Definition, history, application and its use in Poker
We’ve heard the word do the rounds more than once in our conversations and it definitely arouses general curiosity. Therefore in this article we take a look at the basic concept of Game Theory, its history, application and more interestingly its use in a game of poker.
What is Game Theory?
The primary goal of Game Theory is playing games to win. A theory used widely across economics, business and mathematics to give the user a competitive edge when it comes to decision-making. Decisions made by competitors and organizations are evaluated to understand why they are making the decision and what can one do better.
The way the scenario plays out in economics or business is similar to any walk of life. For example consider the show Survivor where decisions are made by contestants to outwit the combatants on a desert Island. Similarly in a game of poker where players use Game Theory to make better decisions to beat their opponents or when law enforcement use the theory to understand the psyche of a criminal and to solve big crimes.
To sum it up, game theory is a strategic tool that is used to reveal behavior of other “game” participants and to leverage that knowledge to reach an optimal outcome in any competitive scenario.
The concept is not a new one and dates back to 1944. John Von Nuemann and Oskar Morgenstern used the term to explain a mathematical theory that sought to define the strategic behavior of game participants who know that decisions made in the competition impacts all game participants – good or bad. They went onto publish a book titled “The Theory of Games and Economic Behavior” which till date remains the bible of game theory analysis.
How does one apply it?
The application and analysis of game theory came over the next five decades. It was three economists – John Nash, John Harsanyi, and Reinhard Selten who won a Nobel Prize for advancing the practical use of game theory in the field of economics.
It’s all about applying the theory to actual strategy, game-wise, and using the knowledge of your opponent to up your chances of coming out as the winner – no matter the scenario/competition you’re engaged in. Winning at game theory means recognizing the choices available, by analyzing the possible choices an opponent has at his or her disposal and choosing the options that improve your chances of a victory.
Game theory now operates in a wide variety of sectors. Here’s a brief outline of how it is used:
As a metaphor for decision theory – A game competitor needs to understand that opponents have those utilities and tools and the competitor has weighed how opponents will use those tools to increase their odds of victory.
Links to the minimax theorem – Game competitors know that a resolution to a game or competition between two parties often depends on knowing a competitor’s opposite goals and interests.
As a mathematical equation – The popularly used term “tit for tat” derives its form from game theory. It’s a gaming concept where one competitor reacts to another move or strategy by responding with a similar move or strategy.
Leveraging “common knowledge” – Hiding secrets from competitors is a big part of game theory and is referred to as ‘common knowledge’. Under this scenario, game theory participants learn key information that could sway the competition’s outcome, but don’t know if other competitors possess the same information.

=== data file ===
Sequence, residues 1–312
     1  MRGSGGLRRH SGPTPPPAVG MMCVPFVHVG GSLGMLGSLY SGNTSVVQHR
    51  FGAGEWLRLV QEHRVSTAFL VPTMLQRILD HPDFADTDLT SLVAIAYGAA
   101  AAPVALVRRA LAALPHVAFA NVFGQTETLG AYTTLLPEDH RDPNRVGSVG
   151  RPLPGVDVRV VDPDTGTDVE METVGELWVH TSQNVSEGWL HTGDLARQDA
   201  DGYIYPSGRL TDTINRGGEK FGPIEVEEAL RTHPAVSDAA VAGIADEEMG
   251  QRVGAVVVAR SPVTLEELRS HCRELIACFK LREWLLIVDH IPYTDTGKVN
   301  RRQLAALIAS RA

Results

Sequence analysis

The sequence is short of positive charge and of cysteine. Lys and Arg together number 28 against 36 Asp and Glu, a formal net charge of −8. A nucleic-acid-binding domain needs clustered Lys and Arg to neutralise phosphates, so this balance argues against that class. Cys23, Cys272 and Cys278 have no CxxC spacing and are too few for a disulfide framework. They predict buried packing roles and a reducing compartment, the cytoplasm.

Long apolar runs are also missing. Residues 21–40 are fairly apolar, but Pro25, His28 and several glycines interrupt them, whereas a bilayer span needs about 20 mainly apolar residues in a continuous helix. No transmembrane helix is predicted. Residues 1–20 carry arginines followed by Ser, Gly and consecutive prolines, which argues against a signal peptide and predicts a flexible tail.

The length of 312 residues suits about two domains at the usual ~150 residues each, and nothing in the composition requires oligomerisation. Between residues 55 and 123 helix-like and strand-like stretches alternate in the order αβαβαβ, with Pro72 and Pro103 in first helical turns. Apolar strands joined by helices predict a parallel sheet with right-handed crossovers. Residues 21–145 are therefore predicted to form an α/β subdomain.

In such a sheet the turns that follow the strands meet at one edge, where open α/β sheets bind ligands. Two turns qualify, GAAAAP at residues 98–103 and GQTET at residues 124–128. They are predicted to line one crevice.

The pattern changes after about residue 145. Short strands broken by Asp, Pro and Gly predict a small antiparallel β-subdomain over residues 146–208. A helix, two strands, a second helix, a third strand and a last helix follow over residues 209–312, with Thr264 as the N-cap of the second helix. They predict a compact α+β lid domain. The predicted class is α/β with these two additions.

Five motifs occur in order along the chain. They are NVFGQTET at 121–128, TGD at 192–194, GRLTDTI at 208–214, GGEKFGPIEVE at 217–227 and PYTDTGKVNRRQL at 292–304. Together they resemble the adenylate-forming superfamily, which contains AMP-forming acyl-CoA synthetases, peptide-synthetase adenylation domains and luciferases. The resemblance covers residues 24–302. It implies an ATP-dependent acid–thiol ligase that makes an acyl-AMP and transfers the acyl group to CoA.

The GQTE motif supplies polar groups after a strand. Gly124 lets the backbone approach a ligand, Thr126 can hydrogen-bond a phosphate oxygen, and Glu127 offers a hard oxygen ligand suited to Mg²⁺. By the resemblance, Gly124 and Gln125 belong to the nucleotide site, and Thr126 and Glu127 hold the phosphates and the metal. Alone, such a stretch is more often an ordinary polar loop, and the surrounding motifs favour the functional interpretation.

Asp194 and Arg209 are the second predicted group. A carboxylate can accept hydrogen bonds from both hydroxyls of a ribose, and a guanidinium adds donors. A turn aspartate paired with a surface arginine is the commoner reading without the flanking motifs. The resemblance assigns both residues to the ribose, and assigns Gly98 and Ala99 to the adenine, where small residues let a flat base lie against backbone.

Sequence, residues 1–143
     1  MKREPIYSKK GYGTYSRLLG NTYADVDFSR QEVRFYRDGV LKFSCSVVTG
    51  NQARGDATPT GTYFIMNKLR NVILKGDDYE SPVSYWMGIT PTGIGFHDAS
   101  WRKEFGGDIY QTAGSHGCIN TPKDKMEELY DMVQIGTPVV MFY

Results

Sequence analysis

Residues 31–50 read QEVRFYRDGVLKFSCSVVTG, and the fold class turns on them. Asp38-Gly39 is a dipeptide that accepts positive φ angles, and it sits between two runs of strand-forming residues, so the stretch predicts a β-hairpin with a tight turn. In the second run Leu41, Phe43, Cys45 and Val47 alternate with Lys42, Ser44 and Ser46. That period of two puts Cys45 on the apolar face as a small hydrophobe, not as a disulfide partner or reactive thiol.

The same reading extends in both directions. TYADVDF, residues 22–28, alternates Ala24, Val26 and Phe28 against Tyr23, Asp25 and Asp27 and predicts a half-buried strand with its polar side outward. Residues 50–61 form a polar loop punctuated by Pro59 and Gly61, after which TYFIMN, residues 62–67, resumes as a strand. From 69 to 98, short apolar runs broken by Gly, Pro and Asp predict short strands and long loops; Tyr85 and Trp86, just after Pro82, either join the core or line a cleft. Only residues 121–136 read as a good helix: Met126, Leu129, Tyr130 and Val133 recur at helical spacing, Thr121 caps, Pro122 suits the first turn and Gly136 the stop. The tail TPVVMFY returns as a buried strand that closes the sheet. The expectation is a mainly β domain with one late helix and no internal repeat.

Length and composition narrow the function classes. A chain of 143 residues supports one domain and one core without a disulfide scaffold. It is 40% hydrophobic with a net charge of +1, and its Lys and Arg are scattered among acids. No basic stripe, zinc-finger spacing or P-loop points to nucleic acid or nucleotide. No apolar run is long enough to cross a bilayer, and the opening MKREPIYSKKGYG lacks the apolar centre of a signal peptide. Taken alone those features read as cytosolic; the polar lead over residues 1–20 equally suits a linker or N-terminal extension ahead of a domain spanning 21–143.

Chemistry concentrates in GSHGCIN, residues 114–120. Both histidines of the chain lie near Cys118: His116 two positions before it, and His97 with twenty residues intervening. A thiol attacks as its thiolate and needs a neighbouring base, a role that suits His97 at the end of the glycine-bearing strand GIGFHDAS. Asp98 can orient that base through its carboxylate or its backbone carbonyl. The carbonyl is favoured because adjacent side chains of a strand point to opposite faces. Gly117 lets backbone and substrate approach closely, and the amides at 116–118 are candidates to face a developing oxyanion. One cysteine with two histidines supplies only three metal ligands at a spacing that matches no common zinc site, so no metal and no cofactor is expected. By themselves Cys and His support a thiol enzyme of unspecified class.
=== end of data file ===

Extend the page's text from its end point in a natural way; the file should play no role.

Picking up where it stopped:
Game Theory in Poker
Poker as a game has evolved rapidly in recent years. The most obvious change being the strategies used to be winning players. While old-school players made their millions from exploitative play, new age poker professionals now depend on poker game theory with exploitative play mixed in to stay ahead of the game.
Understood mathematically, poker’s complexity runs deep from the particular hand you open from each position, to a check on the river in a small pot, every decision influences the win-rate as a poker player. The game has reached a stage where it’s very difficult to consistently to beat the game without game theory knowledge in the corner of your mind.
Why use Game Theory Optimization in your poker strategy?
Often poker players wonder why it’s important to play game theory-influenced strategy when most of their money will be made by exploiting weaker players, or players who simply aren’t paying attention. Gone are those days and here’s a good enough reason why you should be brushing up on Game Theory for the felts:
- Winning player in the long run – With a balanced GTO-based strategy you will win money in the long run regardless of how skillful your opponents are.
- Making adjustments to counter your opponents is easier if you have a baseline strategy from which to adjust.
- Avoid Circular Thinking – Read our article on The Multiple Levels of Thinking in Poker to know more.
- Avoid Making Assumptions – It prevents players from making potentially incorrect assumptions of their opponents.
- Objective Analysis – Many players often tend to incorrectly judge how they played a hand based on its outcome. As one advances in their poker career, one realizes a successful poker player knows that admitting mistakes to one’s self is absolutely crucial to consistently playing well and that one is not in the business of looking at results in a vacuum. Game theory provides a foundation for discerning mistakes more easily.
While this might be a lot of information to fathom, trust us to break it down for you and stay tuned for more articles on Game Theory and Poker.